However, there have been recalls, so you can’t be 100% sure. If you want to drink store-bought, zero alcohol kombucha during pregnancy, it should be safe if it’s commercially made and pasteurized.
However, bear in mind that you’re trusting the manufacturer’s alcohol testing procedures to control the alcohol content, and some have failed in the past.
Can I Drink Unpasteurized / Raw Kombucha When Pregnant?
If the brewing process is not completely sterile, then there is a chance the kombucha may be contaminated with listeria and salmonella, which can lead to food poisoning (source: Lamaze).
Most commercially made kombuchas should be made in a sterile environment, but foodborne illness is still more of a risk when consuming unpasteurized beverages, which is why pregnant women are advised to avoid them (source: FDA).
For this reason, it’s better not to drink unpasteurized or raw kombucha during pregnancy.
It might be better to opt for pasteurized versions if you’re going to drink kombucha at all.
Homemade Kombucha During Pregnancy: Is It Safe?
At home, there is a risk for both bacterial contamination and excessive alcohol, as pinpointing the ABV of homebrews can be challenging.
If you’ve never made kombucha before, it might be best to wait until your baby is born before experimenting, as some people find it difficult to control both the sterilization and the alcohol content of their brews when they’re just starting out.
If you’re an experienced kombucha maker then you might want to continue, but bear in mind the same advice that no alcohol is probably better throughout pregnancy.
If you see ‘home-brewed’ kombucha from a roadside stand, farmer’s market, or similar, it might be best to avoid it when you’re pregnant as the same issues apply with both sanitizing and mostly, alcohol/fermentation control.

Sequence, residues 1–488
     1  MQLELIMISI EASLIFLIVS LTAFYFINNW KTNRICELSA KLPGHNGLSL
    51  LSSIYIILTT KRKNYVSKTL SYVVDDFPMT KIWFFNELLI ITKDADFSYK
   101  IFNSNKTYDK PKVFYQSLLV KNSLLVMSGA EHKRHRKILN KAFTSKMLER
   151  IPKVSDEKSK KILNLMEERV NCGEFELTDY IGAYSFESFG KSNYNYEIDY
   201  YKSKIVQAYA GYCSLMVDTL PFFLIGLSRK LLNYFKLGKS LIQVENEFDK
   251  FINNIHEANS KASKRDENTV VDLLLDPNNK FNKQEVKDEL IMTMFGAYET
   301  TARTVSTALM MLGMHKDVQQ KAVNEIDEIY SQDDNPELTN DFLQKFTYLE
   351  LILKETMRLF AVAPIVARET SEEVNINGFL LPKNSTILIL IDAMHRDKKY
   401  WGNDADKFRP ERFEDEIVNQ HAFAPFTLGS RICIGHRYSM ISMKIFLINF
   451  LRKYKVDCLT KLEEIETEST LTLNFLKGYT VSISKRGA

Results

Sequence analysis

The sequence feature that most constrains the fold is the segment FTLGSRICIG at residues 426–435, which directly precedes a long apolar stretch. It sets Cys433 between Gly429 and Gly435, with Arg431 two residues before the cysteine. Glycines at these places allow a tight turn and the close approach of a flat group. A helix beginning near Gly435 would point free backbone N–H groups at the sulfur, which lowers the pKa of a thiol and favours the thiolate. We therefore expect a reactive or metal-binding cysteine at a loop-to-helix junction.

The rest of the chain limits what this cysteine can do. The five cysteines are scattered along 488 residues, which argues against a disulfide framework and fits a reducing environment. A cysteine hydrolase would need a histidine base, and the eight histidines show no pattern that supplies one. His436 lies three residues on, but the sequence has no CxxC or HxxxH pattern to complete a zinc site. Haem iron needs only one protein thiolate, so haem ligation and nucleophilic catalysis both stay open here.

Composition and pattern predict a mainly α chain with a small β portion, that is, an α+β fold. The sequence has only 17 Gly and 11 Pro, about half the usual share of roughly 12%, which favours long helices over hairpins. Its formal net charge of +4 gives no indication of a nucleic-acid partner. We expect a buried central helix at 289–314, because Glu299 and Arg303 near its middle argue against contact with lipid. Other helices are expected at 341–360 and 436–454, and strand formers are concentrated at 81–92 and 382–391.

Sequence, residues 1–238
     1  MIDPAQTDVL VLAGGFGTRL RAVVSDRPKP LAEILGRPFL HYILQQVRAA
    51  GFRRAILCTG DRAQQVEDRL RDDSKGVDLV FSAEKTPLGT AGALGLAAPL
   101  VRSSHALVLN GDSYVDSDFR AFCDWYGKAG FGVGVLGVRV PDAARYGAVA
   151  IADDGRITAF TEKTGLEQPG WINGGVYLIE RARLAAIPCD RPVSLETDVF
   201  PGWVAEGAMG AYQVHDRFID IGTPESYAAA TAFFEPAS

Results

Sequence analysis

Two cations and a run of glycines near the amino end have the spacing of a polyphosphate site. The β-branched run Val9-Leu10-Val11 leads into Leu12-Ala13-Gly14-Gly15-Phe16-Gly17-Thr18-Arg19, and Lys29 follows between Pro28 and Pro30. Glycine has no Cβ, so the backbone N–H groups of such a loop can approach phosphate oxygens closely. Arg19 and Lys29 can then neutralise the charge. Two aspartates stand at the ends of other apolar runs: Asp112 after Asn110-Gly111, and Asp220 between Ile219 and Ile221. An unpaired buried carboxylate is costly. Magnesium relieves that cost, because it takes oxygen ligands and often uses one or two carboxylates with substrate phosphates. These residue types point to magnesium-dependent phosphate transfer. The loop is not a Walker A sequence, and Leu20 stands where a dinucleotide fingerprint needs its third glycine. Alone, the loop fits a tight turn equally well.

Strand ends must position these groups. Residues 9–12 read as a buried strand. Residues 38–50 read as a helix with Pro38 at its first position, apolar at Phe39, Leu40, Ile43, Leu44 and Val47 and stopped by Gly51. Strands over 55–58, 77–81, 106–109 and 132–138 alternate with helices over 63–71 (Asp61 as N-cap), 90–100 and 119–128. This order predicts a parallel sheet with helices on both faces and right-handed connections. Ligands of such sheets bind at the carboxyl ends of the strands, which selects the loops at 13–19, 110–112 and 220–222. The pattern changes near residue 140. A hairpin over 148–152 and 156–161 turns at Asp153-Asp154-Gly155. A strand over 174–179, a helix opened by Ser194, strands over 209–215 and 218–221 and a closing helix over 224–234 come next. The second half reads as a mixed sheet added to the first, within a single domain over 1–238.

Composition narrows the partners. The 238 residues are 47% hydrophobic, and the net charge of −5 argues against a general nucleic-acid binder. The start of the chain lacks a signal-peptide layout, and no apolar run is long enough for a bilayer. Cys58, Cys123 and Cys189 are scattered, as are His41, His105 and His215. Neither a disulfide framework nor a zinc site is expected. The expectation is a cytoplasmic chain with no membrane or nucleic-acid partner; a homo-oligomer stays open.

A colleague of mine had a large glass of ‘regular, low/no alcohol’ farmer’s market kombucha and ended up drunk! So it does happen.
Alternatives to Kombucha When You’re Pregnant
If you want some of the benefits of kombucha, but without taking the risk of potential alcohol content or unpasteurized versions, there are some things you can drink instead during pregnancy:
For probiotics, you can switch to yogurt or kefir, which are typically pasteurized before fermentation. You can find a guide to which yogurt is best during pregnancy here.
Pasteurizing before fermenting kills off harmful bacteria before introducing the good probiotic bacteria.
For a fizzy drink: ginger switchel or non-fermented vinegar drinks can offer the same fizz and tang, without the risks of alcohol or bacterial contamination. A common ingredient is apple cider vinegar, so you can read all about its pregnancy safety in this article.
A bonus is that these drinks use minimal ingredients, meaning you can quickly whip up a glass at home!
We also have a guide to ten drinks pregnant women can enjoy, besides water, to help with other hydration ideas.
Can I Drink Kombucha in the First, Second or Third Trimester?
During pregnancy, so many changes occur and some foods may be safer during certain trimesters than others.
Because kombucha contains some alcohol, it is best avoided during all trimesters to ensure your baby grows and develops safely.
If you’ve recently discovered you’re pregnant and realize you have had kombucha after conceiving, first and foremost- congratulations!
It’s likely you’re worried about the alcohol content, however, according to ACOG, it’s unlikely the alcohol consumed before you knew you were pregnant will cause serious harm.
The best thing you can do is to switch to an alternative drink for the next 9 months (source: ACOG).
Can You Drink Kombucha When Trying to Conceive?
Drinking kombucha as a means to increase fertility or to try and conceive is somewhat of an old wives’ tale.
I did some digging into the claim, but wasn’t able to find any evidence to back up the superstition that kombucha itself boosts increases your chances of getting pregnant.
Some teas, however, may contain herbs and botanicals that increase “female hormones,” such as estrogen.
As kombucha is a tea beverage, it is possible that the connection to fertility is the tea used.
Note: If you decide to drink specialty herbal teas for fertility, be sure to discuss these with your physician.
Overall, kombucha’s fun fizz and gut-boosting probiotics may seem to be home-run for expecting mothers, however, this drink comes with a few careful considerations.
Kombucha is caffeinated, some varieties may be unpasteurized increasing your risk of foodborne illness, and contains varying levels of alcohol.
Because the alcohol content is difficult to control and no amount of alcohol is safe for a developing baby, kombucha is best avoided during pregnancy.